Around the world, our ancient ancestors’ mysterious art is left behind on cave walls, in rain forests, and with ink made from charcoal and crushed clay. These people told their stories in magnificent drawings that still speak to us today, echoing across generations.

In her own stunning artwork that features the deserts of North America to the caves of Papua New Guinea, Hannah Salyer showcases ancient rock paintings, drawings, and etchings and invites us to add to the ongoing story–our ancestory.

Kirkus and Booklist starred.

  • Genre(s): nonfiction picture book, picture book for older readers
  • Setting: multiple worldwide location
  • Recommended for: Grades K-6
  • Themes: cave paintings, ancient world, ancient history, art, storytelling, world history, world mysteries
  • Protagonist description: modern-day people are diverse; ancient people are silhouettes

*Make Way: The Story of Robert McCloskey, Nancy Schön, and Some Very Famous Ducklings by Angela Burke Kunkel (Author) and Claire Keane (Illustrator)

In the beginning, there was a boy named Robert McCloskey, growing up in Ohio, his hands always moving, always creating. Many years later, after attending art school in Boston, he would reflect on his days wandering through Boston Garden and write the classic picture book Make Way for Ducklings.

In the beginning, there was also a girl named Nancy Schön. She grew up in Newton, Massachusetts, working in her father’s greenhouse, twisting wire and boughs into wreaths. Many years later, Nancy would look at Robert’s drawings in Make Way for Ducklings and get the seed of an idea. That seed became the beloved bronze sculptures of Mrs. Mallard and her eight ducklings that stand in Boston Garden today.

This stunning and clever picture book biography intertwines the lives of two phenomenal artists–who were contemporaries and friends–and reveals the extraordinary impact they’ve had on generations of children.

Kirkus and Publishers Weekly starred.

  • Genre(s): picture book biography
  • Setting: Ohio and Massachussetts, USA
  • Recommended for: Grades 2-6
  • Themes: authors, illustrators, writers, Caldecott Award winners, artists, sculptures, Boston Garden
  • Protagonist description: author/illustrator Robert McCloskey and sculptor Nancy Schön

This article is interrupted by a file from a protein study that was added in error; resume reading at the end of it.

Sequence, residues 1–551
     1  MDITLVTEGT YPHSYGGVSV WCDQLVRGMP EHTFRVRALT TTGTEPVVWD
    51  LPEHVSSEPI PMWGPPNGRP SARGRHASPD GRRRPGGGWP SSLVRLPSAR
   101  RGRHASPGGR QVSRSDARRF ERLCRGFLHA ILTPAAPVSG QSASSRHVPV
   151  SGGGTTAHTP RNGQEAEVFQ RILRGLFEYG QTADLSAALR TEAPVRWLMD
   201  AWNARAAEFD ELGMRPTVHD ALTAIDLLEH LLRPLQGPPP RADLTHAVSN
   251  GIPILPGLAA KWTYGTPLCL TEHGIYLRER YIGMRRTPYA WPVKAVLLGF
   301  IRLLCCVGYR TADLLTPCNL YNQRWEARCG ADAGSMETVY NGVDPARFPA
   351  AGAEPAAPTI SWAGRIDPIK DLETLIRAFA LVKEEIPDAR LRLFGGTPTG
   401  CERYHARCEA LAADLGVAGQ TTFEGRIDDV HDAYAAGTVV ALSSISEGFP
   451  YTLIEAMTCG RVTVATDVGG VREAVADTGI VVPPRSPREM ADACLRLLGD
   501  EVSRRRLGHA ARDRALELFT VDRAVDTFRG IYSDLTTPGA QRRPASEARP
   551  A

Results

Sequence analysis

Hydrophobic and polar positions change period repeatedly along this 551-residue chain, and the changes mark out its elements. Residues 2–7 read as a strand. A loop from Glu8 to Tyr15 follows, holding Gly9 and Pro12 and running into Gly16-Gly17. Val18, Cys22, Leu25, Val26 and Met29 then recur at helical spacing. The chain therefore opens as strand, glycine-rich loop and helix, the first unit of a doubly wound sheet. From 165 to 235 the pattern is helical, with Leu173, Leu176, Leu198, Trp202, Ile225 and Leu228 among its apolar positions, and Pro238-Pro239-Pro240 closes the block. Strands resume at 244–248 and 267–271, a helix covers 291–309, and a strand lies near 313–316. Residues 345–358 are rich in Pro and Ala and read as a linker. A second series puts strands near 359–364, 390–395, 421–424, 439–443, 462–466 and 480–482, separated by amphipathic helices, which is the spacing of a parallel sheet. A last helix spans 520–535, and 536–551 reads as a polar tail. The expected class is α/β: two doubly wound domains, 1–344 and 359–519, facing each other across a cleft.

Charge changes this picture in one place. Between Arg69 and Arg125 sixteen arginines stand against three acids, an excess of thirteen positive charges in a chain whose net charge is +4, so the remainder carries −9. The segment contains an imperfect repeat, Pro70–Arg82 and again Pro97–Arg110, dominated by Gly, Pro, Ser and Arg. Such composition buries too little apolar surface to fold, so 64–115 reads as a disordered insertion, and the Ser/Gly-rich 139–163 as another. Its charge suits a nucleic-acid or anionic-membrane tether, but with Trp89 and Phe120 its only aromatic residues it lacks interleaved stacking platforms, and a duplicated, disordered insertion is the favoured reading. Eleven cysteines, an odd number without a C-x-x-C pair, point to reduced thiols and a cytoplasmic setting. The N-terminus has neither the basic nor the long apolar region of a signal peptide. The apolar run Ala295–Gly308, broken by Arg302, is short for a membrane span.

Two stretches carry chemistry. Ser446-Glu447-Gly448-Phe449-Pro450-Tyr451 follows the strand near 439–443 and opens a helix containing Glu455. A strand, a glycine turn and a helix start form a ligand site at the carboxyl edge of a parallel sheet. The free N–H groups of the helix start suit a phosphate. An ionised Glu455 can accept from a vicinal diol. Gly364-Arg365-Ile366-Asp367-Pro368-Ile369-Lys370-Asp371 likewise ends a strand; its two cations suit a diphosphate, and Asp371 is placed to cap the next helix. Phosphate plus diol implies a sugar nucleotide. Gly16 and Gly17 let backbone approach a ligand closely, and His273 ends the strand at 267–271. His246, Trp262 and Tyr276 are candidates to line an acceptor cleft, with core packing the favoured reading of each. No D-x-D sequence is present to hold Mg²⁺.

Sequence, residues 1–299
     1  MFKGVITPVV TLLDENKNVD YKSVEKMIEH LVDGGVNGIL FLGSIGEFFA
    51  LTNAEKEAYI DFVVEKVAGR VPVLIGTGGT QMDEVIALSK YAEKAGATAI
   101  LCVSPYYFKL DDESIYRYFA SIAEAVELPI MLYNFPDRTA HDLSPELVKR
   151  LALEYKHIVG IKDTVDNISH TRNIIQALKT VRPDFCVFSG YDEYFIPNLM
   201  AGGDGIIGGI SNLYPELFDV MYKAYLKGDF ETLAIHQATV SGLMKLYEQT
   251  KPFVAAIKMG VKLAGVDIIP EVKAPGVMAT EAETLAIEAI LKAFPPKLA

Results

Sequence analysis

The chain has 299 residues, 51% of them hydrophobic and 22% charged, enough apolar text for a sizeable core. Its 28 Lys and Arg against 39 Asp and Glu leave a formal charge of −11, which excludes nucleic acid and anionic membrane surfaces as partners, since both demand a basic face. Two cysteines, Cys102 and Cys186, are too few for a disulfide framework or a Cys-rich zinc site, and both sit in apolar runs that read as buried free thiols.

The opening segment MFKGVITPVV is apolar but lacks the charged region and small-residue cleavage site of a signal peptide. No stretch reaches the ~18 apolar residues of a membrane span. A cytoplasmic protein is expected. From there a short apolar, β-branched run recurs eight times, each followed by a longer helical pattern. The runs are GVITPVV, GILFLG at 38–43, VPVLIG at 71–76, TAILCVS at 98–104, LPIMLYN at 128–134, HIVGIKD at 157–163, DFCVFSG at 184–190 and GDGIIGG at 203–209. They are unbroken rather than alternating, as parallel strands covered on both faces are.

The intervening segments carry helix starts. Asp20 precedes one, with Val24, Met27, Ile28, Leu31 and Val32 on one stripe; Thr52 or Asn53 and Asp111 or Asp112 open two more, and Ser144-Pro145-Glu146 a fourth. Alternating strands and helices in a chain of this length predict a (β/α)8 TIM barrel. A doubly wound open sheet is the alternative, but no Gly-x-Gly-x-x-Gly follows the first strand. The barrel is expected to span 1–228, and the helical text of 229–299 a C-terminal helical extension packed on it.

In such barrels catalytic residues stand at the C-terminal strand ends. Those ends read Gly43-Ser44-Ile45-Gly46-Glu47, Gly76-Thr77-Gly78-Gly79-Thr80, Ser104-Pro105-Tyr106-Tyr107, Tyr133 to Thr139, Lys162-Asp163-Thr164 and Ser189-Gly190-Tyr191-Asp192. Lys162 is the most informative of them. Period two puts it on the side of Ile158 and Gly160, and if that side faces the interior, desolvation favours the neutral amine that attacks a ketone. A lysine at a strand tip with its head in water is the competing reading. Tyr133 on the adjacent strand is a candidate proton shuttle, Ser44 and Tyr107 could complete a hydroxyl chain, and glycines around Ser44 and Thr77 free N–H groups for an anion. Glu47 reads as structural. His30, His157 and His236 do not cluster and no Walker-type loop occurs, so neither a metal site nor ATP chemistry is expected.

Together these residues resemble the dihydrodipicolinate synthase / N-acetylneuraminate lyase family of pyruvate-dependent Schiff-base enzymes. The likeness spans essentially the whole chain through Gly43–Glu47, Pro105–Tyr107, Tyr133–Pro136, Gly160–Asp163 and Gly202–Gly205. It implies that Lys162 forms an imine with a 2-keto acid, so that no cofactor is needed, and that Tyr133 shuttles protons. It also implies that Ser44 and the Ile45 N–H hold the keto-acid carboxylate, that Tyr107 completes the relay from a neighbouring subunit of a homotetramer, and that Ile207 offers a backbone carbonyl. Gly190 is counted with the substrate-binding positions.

Little Land by Diana Sudyka

Do you know a little bit of land? It could be smaller than you expect. But its importance is bigger than you know. From the prehistoric past to the dramatic environmental change of right here and now, the land has countless stories to tell. You, too, are a part of the land. Listen, and you will understand what it needs to stay in balance.

A breathtaking exploration of the connections between life and land central to the past, present, and future of our planet, Little Land invites young readers to think about ways in which they engage with the environment in their own lives.

Booklist starred.

  • Genre(s): picture book
  • Recommended for: PreS-Grade 3
  • Themes: environment, climate change, storytelling, balance, pollution, human impact on the environment, natural disasters, nature
  • Protagonist description: humans are racially-diverse

Contenders: Two Native Baseball Players, One World Series by Traci Sorell (Author) and Arigon Starr (Illustrator)

Charles Bender grew up on the White Earth Reservation in Northwestern Minnesota. John Meyers was raised on the Cahuilla reservation in Southern California. Despite their mutual respect for each other’s talents and their shared dedication to Native representation in baseball, the media was determined to pit them against each other.

However, they never gave up on their dreams of being pro baseball players and didn’t let the supposed rivalry created by the media or the racism they faced within the stadium stop them. They continued to break barriers and went on to play a combined total of nine championships.

Kirkus starred.

  • Genre(s): picture book biography
  • Setting: White Earth Reservation, Minnesota and Cahuilla Reservation, California; early 1900s
  • Recommended for: Grades 1-5
  • Themes: professional baseball, Native Americans, life on the reservation, racism, World Series, baseball history
  • Protagonist description: two males, both Native American

Behold the Octopus! by Suzanne Slade (Author) and Thomas Gonzalez (Illustrator)

Behold the octopus! This remarkable animal hides beneath the seas, so you may not realize that it is one of the most incredible, talented creatures on our planet.

Fortunately, this nonfiction picture book from an award-winning team reveals the fascinating features of the glorious octopus, such as lights that attract prey, legs that walk on land, and the ability to change color and shape to match their surroundings and even masquerade as other animals.

Sparse, lyrical text is perfect for curious picture book readers, while sidebars and back matter share additional interesting details.

Covers 12 types of octopus.

  • Genre(s): nonfiction picture book
  • Setting: worldwide oceans
  • Recommended for: PreS-Grade 2
  • Themes: ocean life, marine biology, octopuses, animals, animal adaptations, rhyming book




The New Release Spotlight began in May 2016 as a way to help librarians keep up with the many new children’s and YA books that are released each week. Every Tuesday, school librarian Leigh Collazo compiles the New Release Spotlight using a combination of Follett’s Titlewave, Amazon, Goodreads, and Barnes and Noble. Titles with a * by them received two or more starred professional reviews. Recommended grade levels represent the range of grade levels recommended by professional book reviewers.